Generally, 403(b) contributions are tax-deductible up to an annual limit set by the IRS each year. You may be allowed to deduct additional “catch up” amounts depending on your age and how long you have been with your current employer.
There are some exceptions to deductibility though, such as in the case of contributions to a Roth 403(b), which are not deductible. In this article I’ll give you a simple overview of 403(b) deductibility.
403(b) Annual Contribution Limit
For 2021 the standard annual 403(b) limit on tax-deductible contributions is $19,500. You can have up to $19,500 withheld from your paycheck and deducted from your current taxable income.
403(b) Catch Up Contributions
You can deduct an additional $6,500 catch up contribution if you are at least 50 years old.
In addition to the regular catch up catch up contribution for being 50 or older, there is an additional catch up contribution opportunity unique to 403(b) plans. If you have at least 15 years of service with your current employer you may be able to make, and deduct, another $3,000 contribution each year. This additional catch up is limited to $15,000 over your lifetime.
If you qualify for both catch up contributions then the first $3,000 you contribute above the standard limit will apply to the $15,000 lifetime limit. In other words, you can’t just make the age 50 catch up contribution and “save” the $15,000 lifetime limit for later.
What About Roth 403(b) Contributions?
Roth 403(b) contributions are not tax-deductible. The tradeoff is that you can withdraw from a Roth 403(b) without paying taxes on the distribution.
You may also be able, if your plan permits, to make non-deductible, or after-tax contributions. Don’t confuse after-tax with Roth, even though at first blush they sound the same. Non-deductible contributions are, wait for it… not deductible. So why make them? You can make after-tax contributions ABOVE the annual deferral limit (currently $19,500). This allows you to save even more in your 403(b).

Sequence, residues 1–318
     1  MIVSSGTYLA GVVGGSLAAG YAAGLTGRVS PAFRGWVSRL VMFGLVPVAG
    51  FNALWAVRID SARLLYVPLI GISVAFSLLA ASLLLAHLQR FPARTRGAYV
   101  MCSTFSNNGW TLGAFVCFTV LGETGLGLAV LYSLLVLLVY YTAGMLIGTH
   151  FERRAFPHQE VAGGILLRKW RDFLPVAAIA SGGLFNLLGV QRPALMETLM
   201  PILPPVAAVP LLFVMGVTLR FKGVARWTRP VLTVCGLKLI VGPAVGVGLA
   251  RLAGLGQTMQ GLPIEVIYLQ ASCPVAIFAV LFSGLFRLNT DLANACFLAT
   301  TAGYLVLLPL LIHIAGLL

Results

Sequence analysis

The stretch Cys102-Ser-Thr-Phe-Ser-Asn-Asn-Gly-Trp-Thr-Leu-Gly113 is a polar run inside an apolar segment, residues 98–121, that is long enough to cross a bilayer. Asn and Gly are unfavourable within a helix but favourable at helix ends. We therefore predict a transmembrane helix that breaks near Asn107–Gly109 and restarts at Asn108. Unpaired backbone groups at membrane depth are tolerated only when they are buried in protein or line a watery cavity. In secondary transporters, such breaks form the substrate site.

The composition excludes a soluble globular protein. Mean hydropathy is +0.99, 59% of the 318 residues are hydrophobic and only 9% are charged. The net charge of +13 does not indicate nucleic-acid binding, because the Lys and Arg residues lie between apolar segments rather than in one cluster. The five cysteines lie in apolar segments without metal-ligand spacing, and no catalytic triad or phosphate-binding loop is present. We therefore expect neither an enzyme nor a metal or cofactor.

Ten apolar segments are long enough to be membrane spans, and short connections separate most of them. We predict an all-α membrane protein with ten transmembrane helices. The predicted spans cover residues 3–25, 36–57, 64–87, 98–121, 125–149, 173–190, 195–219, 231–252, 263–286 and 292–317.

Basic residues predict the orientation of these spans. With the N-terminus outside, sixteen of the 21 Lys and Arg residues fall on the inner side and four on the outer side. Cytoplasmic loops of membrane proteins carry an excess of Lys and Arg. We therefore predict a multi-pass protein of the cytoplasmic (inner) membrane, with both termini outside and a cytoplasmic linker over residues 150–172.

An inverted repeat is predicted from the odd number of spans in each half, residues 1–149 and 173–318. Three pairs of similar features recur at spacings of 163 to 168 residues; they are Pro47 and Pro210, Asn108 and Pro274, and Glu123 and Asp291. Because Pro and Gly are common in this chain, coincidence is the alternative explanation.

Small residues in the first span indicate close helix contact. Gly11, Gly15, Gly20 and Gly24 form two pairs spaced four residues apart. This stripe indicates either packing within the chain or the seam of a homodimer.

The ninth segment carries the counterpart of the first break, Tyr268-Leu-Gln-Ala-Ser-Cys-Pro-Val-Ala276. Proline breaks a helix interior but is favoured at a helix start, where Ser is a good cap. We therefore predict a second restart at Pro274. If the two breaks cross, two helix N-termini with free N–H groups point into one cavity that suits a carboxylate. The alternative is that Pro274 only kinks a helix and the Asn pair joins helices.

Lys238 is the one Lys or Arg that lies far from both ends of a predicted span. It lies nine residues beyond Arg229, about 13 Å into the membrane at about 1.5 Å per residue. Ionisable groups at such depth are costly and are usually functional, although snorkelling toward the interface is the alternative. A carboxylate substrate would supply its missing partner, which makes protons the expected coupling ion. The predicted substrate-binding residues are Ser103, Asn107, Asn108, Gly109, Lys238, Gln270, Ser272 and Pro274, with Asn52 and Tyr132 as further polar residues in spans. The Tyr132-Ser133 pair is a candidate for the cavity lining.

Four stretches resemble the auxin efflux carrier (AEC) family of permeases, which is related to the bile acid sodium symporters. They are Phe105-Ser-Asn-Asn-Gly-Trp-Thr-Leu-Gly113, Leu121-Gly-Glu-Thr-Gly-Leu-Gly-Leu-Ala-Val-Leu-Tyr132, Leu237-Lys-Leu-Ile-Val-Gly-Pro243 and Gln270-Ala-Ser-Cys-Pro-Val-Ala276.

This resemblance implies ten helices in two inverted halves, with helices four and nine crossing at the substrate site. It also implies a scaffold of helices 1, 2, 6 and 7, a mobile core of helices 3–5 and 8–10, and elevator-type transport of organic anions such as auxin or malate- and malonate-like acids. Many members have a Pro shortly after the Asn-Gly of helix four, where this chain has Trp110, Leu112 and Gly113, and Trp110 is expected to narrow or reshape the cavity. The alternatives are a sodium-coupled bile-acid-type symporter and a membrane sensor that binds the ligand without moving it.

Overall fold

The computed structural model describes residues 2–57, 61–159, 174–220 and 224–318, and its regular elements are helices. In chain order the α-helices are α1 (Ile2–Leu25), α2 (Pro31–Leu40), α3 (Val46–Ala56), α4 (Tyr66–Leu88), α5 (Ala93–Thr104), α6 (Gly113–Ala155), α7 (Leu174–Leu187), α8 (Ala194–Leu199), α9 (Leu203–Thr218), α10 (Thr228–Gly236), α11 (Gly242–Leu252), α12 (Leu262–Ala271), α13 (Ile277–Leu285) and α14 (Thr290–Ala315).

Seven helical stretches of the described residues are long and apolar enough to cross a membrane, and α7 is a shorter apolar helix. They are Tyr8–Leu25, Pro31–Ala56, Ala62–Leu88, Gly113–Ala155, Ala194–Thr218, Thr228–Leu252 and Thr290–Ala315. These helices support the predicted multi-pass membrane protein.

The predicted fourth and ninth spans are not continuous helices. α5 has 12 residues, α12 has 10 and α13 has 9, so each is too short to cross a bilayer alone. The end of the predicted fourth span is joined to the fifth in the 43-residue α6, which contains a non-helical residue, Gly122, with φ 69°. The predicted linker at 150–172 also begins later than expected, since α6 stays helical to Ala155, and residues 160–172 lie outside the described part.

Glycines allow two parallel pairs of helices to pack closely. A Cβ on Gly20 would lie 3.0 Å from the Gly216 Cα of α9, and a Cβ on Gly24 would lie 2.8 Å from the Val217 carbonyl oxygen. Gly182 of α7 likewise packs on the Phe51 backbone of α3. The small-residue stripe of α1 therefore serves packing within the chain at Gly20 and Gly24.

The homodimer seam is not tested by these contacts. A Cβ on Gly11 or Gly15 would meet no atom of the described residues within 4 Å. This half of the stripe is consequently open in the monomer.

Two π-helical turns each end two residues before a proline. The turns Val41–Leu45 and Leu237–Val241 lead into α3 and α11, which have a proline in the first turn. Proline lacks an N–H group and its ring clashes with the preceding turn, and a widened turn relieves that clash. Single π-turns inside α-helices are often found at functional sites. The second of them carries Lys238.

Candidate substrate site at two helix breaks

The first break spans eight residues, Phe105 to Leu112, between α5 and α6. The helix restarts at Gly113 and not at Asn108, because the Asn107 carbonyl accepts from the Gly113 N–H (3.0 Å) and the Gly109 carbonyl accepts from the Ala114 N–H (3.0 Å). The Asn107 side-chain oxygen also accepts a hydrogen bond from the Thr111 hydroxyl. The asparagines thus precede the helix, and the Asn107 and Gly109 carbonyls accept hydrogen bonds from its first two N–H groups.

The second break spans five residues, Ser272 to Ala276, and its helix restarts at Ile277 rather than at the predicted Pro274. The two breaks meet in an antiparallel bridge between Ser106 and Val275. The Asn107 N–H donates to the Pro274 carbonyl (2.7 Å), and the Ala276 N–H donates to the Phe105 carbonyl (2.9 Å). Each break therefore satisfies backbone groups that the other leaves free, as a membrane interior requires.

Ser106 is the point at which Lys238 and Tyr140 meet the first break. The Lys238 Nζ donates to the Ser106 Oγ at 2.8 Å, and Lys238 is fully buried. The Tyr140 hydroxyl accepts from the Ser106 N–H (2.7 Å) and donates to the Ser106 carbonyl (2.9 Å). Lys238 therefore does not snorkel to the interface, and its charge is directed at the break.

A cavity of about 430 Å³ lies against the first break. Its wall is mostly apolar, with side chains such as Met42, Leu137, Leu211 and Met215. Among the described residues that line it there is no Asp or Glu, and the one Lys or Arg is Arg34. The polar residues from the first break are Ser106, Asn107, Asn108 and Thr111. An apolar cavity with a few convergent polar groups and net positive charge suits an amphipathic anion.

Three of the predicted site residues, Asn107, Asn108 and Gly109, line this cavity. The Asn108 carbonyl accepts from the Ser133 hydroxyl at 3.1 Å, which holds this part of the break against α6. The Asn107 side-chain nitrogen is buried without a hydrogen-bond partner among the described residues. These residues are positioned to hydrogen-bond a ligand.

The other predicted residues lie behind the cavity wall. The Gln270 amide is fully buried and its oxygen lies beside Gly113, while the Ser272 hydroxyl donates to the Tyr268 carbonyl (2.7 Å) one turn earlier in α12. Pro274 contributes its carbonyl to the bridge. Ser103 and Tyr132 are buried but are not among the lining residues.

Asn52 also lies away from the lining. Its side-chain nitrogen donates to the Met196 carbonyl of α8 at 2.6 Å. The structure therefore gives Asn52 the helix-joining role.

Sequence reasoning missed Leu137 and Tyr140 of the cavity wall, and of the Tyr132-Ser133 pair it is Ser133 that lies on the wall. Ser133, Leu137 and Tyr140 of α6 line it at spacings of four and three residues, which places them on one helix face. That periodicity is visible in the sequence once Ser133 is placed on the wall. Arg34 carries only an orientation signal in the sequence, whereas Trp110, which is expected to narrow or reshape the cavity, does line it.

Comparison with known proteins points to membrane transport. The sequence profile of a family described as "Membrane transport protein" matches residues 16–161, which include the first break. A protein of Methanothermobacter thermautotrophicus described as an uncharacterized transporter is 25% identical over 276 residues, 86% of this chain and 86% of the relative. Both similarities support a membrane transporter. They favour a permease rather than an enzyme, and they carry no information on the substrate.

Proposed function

The difference between Roth and after-tax contributions is that you can withdraw the growth on Roth contributions tax-free. The growth on after-tax contributions is taxable. If you are making or considering making after-tax contributions make sure you consider rolling those out to a Roth IRA if your plan rules allow it. This provides a way to avoid building up taxable gains from your after-tax contributions. This is called a mega backdoor Roth strategy.
The total amount of contributions between your own deductible contributions, employer match, and after-tax contributions cannot exceed the “annual additions limit”.
If you are planning your 403(b) contributions it’s helpful to get an idea of how much your account may grow to over time, and see how much you will be able to withdraw in retirement. I’ve got a 403(b) calculator here that makes it easy.